Wednesday, May 9, 2012

mental anorexia

Parental over-protectiveness can become overbearing.  It can quash the process of separation and differentiation which, like birth, are necessary for a child to come into her own.    

If a child cannot successfully individuate, the child’s will goes underground and may seek expression in deviant or self-destructive ways.

Anorexia is an example of this.  

The refusal to eat harks back to the rejection of the breast and the impulse to self-wean.   When a parent’s need to nurture trumps a child’s need for independence, the child has no recourse but to reject the food of love.  This can be transposed to social expectations and can manifest, for example, as the refusal to swallow Mom and Dad’s rules.

This kind of refusal is more common than anorexia in boys, possibly because boys differentiate from their mothers earlier at the level of their bodies.  Just like anorexia, however, the more a parent tries to cajole a child with preaching and sermonizing and speeching and yelling, the more the child resists being nurtured and controlled.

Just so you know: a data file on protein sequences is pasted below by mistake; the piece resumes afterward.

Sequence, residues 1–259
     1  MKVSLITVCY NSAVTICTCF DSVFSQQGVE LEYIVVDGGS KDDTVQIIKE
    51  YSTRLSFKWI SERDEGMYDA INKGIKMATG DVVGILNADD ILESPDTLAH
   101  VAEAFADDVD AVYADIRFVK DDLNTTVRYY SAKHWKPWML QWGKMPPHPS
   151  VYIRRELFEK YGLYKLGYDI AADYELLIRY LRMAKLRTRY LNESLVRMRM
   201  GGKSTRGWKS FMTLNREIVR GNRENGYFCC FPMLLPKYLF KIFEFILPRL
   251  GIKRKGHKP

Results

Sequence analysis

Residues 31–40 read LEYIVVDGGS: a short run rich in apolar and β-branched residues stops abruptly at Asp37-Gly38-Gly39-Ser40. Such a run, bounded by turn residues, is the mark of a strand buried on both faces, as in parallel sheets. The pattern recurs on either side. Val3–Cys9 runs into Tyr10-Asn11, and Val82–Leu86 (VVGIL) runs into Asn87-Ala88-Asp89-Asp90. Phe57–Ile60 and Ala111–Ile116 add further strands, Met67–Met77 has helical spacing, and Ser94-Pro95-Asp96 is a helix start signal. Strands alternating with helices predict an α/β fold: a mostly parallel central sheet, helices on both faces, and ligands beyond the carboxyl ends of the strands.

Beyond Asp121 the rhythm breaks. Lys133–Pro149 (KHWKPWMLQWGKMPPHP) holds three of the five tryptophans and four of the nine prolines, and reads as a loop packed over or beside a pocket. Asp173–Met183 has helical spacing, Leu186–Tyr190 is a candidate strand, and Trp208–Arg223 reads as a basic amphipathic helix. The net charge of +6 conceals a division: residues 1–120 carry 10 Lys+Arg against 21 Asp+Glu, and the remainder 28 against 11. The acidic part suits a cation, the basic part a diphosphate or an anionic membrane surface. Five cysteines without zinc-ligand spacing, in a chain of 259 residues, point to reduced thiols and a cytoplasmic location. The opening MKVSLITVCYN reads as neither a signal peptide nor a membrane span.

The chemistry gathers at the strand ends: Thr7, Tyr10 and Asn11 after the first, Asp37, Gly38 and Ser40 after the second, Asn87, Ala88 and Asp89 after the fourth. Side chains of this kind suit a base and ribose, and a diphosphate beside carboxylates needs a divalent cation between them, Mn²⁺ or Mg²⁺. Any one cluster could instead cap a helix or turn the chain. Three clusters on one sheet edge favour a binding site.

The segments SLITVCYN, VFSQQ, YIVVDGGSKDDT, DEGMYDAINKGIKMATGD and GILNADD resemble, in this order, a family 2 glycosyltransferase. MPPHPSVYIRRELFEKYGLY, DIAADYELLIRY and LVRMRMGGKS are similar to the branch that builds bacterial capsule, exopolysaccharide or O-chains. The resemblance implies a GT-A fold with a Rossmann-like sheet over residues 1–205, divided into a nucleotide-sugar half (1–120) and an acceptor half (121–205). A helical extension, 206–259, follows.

Success usually only comes after failure.  That is why an anorexic girl is often cured by hospitalization, and a delinquent boy by school failure.  Unprotected by his parents from the consequences of his actions, a child is finally free to find the motivation from within.

No comments:

Post a Comment